Oscar Isaac, in a star making role plays the titular role of Llewyn Davis. He’s a struggling musician whose life is in the gutter. No matter what he does, seemingly everything goes wrong. After a performance one night, he’s assaulted in the alley behind the club, he’s currently homeless and living off the generosity of those closest to him who, despite their aggravation, give him a place to crash and a winter coat to wear, his solo career isn’t taking off and he even finds himself in the possession of an unwanted cat after it bolts out of one of the apartments he had been staying in. To top it all off, one of his friends and romantic flings, Jean, played by Carey Mulligan, is pregnant and it might be his.

Before any of the above becomes known to the viewer, the film encapsulates it all, opening with a melancholy song about the troubles of one’s life. The folky twang of the strings, the subtle quietness of the vocals and the profundity of the lyrics set the stage perfectly for a movie that is going to be all of those things at once. A fan of folk music or not, it’s hard not to find yourself sucked in while listening to this beautiful, but heartbreaking song. Though not a musical in the traditional sense, the film is filled with similar moments like these, all coming at a time in the story that builds character, when Llewyn needs a release, something to take his mind off his troubles.

These songs are complimented wonderfully by Oscar Isaac, a typical “that guy” of cinema, one whose face is known, but the name eludes. He is magnificent here, smartly downplaying the extravagance of many musical performers and instead opting to let the pain show through. His habit of closing his eyes while performing shows not a sign of smugness, but one of passion and emotional agony. Llewyn Davis is a person who wears his emotions very close to his chest. He doesn’t let them show while out doing his day-to-day business; it’s in the quiet musical moments that they become apparent and Isaac plays it damn near perfectly in what is sure to be an underappreciated performance.

Throughout Llewyn’s journey, characters pop up and disappear as if they were never there, hardly making a blip on the overall picture’s radar. This gives the film an uneven structure, but it’s one that fits its themes, working to show the uncertainty of this man’s unhappy life. When these moments end, most are never brought up again and any type of resolution is left on the table, but it’s okay because the character himself has no resolution in sight. However, the gravity of certain stories outweighs the unobtrusiveness of others, like the aforementioned pregnancy, and it's a shame they aren’t explored in more detail. Later in the film, Llewyn even finds out he actually has a kid with a former lover, but the impact this has on his emotional state or his life in general is left frustratingly vague. Neither this nor Jean’s pregnancy have the narrative impact they should. While they should make Llewyn’s life even more complex and uncertain, they’re instead just kind of there.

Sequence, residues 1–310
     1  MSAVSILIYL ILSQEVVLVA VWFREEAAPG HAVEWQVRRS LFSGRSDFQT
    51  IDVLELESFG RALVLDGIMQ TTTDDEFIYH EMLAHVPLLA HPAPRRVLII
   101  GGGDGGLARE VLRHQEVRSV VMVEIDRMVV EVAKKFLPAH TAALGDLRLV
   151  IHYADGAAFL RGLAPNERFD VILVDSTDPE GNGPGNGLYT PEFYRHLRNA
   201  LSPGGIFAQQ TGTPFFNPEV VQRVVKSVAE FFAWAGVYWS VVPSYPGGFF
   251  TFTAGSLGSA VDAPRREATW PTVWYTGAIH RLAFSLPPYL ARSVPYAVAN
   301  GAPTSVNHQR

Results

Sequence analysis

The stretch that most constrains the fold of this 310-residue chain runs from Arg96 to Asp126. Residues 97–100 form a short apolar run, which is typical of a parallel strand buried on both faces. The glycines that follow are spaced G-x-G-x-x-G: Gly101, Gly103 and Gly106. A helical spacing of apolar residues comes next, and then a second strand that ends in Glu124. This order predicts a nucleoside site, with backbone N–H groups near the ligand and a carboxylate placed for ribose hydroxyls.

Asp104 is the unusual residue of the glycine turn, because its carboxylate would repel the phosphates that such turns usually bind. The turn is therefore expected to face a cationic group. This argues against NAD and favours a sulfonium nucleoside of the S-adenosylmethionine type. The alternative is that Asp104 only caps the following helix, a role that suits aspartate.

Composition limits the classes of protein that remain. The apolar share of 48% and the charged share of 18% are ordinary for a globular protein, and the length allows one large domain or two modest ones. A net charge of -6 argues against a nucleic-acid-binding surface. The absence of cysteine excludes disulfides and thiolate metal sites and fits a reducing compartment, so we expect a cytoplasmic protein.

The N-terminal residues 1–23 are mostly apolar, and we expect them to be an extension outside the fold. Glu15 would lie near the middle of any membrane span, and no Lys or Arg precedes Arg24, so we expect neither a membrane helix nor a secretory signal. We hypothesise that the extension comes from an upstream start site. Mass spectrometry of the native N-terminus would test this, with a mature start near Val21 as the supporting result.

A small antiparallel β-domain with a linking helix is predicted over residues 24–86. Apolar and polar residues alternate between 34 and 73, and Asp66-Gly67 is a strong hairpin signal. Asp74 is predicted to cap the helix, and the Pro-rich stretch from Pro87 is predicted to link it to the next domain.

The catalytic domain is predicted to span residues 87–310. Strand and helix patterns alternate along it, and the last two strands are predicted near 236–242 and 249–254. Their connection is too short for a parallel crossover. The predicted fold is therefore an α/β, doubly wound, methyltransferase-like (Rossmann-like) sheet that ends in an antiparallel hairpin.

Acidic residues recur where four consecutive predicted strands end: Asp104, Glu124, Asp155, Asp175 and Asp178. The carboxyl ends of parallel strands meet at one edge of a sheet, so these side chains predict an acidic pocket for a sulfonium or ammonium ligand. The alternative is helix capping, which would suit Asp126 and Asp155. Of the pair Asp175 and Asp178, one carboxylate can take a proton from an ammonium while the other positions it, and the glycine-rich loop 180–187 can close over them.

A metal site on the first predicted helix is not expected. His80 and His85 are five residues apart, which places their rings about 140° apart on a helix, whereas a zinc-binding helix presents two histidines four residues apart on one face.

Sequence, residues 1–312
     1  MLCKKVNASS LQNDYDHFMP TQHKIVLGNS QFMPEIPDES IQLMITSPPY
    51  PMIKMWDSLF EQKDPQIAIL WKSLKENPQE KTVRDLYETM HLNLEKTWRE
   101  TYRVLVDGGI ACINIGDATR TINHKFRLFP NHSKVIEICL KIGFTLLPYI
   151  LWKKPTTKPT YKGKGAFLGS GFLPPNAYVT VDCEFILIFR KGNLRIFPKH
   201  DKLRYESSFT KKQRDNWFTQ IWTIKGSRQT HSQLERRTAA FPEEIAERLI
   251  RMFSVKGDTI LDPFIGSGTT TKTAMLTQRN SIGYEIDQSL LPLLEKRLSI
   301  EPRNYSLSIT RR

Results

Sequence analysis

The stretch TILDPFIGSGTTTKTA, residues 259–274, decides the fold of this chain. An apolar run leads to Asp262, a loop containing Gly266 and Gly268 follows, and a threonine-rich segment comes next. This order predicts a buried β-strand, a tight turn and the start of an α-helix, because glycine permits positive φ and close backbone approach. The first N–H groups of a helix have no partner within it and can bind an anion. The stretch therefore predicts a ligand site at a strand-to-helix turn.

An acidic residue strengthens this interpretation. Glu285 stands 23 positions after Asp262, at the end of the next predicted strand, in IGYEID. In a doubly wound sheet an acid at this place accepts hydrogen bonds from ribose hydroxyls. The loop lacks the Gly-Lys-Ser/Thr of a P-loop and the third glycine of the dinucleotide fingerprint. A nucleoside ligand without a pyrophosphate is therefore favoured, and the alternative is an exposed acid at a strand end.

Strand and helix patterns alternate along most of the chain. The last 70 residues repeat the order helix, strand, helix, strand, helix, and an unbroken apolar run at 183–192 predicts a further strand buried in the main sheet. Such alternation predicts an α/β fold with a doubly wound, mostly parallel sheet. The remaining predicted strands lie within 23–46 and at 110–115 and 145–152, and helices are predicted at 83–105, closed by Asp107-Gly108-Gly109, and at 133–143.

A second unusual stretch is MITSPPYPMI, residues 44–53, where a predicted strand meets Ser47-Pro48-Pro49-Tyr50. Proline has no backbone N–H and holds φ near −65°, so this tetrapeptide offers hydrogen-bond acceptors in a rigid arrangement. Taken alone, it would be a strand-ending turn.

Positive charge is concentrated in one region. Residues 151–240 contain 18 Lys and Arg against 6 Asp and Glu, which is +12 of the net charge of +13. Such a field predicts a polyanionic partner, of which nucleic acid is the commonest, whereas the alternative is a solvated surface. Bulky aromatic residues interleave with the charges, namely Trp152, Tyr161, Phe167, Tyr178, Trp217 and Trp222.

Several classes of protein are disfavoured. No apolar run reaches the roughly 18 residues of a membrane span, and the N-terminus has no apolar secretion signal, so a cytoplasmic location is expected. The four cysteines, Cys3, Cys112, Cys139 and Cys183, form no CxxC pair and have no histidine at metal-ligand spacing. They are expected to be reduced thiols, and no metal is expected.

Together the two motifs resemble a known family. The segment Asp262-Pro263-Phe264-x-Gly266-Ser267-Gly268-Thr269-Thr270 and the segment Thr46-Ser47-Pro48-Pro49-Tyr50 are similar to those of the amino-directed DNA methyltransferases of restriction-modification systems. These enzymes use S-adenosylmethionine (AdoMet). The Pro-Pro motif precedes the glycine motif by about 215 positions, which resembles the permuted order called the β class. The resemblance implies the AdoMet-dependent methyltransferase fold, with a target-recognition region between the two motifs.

The film also ends on a somewhat unsatisfying note, when you finally realize that nothing is going to be resolved, but perhaps that’s the point. This isn’t a “happy ending” type of Hollywood film, nor is it one of crushing sadness. It doesn’t leave you with hope or fear or any other feeling because Llewyn’s life has become one of apathy and the apathetic don’t bother with such feelings.

The Coen brothers have really done something interesting here. They’ve created a movie that is missing their trademark style—the style that allowed them to create jokes via the simple movement of a camera like when it passed over a corpse like a speed bump in their 1984 debut, “Blood Simple”—but they haven’t lost their touch. Their abilities are downplayed and they let the performers onscreen shine. So many directors want top billing, to practically scream that they were behind it all, but there’s a refreshing lack of vanity in their approach. This isn’t going to go down as one of their best, but “Inside Llewyn Davis” is a treat all the same.

Inside Llewyn Davis receives 4/5

Friday
Sep212012

10 Years

When you’re younger, ten years seems like an eternity. With so few years under your belt, the thought of ten years passing is unimaginable. It isn’t until you’ve lived through those years that you realize just how quickly they went. With my ten year high school reunion not too far off in the future, I’m finally beginning to understand this. I don’t really know what life holds for me or where I’ll be in the next 10 years and I’m longing to hold onto my childhood, but I know I have to grow up. It’s a sad, but inevitable revelation. The characters in writer/director Jamie Linden’s movie, 10 Years, are transitioning through the same time period I am and having the same thoughts. Perhaps this is why I connected with it so much, but by the end, I, strangely, didn’t feel sad about my now gone childhood. Instead, it gave me a newfound appreciation for those years and the good times I had while also giving me an excited optimism about the years to come.